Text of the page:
Detailing The New Vick-Kelce Arrangement
A little hazy on just how Michael Vick and Jason Kelce plan to split the responsibilities at the line of scrimmage this season, Birds 24/7 caught up with Kelce after Sunday’s walkthrough to get coached up.
Thanks to a detailed explanation, we learned that Vick – while maintaining final say – has been relieved of a good chunk of responsibility. Much falls on the shoulders of the second-year center.
“My job is to get it started,” said Kelce (meaning establish initial blocking assignments based on the first look a defense gives). “Every single play, my job is to declare a MIKE based on the alignment of the defense. That gets us started for that play. After that, depending on what protection it is and depending what kind of play it is, I have the ability to change it based on maybe safeties shifting or them tipping away the blitz.
“Mike also has the ability to change it, and he has the final say of anything. So let’s say I want to change it but Mike says, ‘We’re going here,’ we’re going there. At the end of the day he has the final say; he has complete control. All I’m doing is trying to help him, and trying to bypass him coming in and having to change everything.”
One of the things in there that stood out to me is that Kelce is going to be reading safety movement. How do you that when you’re in a three-point stance with a tackle breathing on you?
“It depends on what the play is and what the cadence is, but if I’m down I can still look up and see safeties moving around,” said Kelce. “If it’s a pass play – and in particular a no-back situation – if it’s a five-man pro and we really want to get the five most dangerous, in that situation I will look at the safeties because obviously then the tilt of them or them shifting over to one side of the ball will give away a blitz tendency.”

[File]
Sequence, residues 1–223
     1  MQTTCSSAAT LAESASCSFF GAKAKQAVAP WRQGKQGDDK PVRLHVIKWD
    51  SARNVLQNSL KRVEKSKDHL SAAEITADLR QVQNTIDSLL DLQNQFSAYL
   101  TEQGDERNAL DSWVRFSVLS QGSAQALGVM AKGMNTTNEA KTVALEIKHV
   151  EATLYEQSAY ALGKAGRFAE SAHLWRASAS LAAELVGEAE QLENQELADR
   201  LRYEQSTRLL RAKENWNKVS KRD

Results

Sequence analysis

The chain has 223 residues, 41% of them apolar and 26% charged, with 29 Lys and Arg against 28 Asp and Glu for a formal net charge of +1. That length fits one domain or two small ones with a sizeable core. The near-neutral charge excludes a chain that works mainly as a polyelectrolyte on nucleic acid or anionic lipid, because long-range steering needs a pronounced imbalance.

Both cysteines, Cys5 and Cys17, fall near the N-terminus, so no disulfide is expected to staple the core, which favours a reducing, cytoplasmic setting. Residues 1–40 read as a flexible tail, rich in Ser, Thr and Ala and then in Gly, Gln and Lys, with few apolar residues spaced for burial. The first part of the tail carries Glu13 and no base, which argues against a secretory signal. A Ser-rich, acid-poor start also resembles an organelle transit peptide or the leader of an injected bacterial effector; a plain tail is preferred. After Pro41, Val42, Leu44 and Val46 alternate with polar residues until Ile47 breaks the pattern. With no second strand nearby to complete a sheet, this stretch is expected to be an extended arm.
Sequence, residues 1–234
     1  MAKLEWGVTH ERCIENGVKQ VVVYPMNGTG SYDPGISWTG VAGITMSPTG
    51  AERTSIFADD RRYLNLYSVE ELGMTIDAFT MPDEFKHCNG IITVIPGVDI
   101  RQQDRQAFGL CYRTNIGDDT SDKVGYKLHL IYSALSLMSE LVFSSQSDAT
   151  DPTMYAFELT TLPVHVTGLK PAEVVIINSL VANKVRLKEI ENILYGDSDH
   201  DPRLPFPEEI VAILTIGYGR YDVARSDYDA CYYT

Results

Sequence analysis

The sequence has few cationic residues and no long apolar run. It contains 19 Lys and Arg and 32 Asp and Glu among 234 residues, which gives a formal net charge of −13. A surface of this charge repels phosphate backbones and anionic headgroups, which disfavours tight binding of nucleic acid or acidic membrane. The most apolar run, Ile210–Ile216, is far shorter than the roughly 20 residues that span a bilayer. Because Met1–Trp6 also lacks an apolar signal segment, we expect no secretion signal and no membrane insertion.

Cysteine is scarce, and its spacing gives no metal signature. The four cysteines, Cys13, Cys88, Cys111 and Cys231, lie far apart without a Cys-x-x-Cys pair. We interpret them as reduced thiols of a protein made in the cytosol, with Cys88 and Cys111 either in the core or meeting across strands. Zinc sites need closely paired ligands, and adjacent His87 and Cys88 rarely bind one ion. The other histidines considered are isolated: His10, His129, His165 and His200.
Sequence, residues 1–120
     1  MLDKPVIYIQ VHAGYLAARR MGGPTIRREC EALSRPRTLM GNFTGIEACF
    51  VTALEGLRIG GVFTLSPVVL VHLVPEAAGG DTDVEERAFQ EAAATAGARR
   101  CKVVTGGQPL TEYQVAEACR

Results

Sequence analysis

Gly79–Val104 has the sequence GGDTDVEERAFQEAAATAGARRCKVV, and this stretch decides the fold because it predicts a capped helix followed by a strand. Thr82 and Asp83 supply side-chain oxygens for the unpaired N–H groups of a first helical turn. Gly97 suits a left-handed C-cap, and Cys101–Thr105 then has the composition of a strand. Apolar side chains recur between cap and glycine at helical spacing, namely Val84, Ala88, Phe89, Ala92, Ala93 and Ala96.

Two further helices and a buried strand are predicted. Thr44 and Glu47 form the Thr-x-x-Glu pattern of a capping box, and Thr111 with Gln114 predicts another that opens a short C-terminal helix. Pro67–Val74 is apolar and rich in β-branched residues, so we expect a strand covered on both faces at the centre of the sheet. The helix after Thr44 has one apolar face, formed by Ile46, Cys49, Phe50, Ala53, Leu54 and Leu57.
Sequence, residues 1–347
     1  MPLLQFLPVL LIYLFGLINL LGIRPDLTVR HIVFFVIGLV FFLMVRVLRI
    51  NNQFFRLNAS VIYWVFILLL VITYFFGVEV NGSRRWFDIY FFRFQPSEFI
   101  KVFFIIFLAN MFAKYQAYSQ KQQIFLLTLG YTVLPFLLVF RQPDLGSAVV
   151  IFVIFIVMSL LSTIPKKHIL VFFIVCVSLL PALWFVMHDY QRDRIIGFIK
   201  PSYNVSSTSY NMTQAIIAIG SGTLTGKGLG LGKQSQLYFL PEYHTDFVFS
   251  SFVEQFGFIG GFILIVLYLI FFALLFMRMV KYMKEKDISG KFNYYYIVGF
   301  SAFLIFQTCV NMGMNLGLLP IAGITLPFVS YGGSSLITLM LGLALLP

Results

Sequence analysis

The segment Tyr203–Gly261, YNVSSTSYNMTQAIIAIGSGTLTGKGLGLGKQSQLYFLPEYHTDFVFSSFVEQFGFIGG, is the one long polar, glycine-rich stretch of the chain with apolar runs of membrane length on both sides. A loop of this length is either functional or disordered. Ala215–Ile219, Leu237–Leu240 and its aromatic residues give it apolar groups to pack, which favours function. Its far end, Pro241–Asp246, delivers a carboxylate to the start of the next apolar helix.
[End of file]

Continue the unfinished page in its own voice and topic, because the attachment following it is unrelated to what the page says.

As Ron Jaworski recently brought to his attention, Vick was hit 209 times in 13 games last season, which averages out to a troubling 16 hits per game. The addition of offensive line coach Howard Mudd dropped his sack total – he was taken down once every 21.5 dropbacks in 2011, compared to once every 15.6 dropbacks the year prior – but it was far from a hazard-free environment. Vick’s turnover numbers, meanwhile, doubled (18 in 2011, 9 in 2010) last season despite playing in just one more game. There is little doubt that Vick’s added responsibilities at the line played into that.
“I had no ability to change [the protections],” said Kelce. “He was doing a lot of work last year changing and altering protections.
“We’re just trying to make it easier for him – more efficient really. Trying to speed that process up so he doesn’t have to go, ‘Alright, what’s the line doing; what’s the defense doing; fix that, what’s the receivers doing. That’s a lot for him to think about.”
Kelce added that he enjoys the increased responsibility. It’s hard to believe that the sixth-round pick out of Cincinnati is already this far along, but Mudd obviously believes he is up for it.
“I think that synergy is way better than it was because of trust,” said Mudd. “Kelce’s gone through the war, and I know that Mike knows that Kelce is only doing something to try to help us.”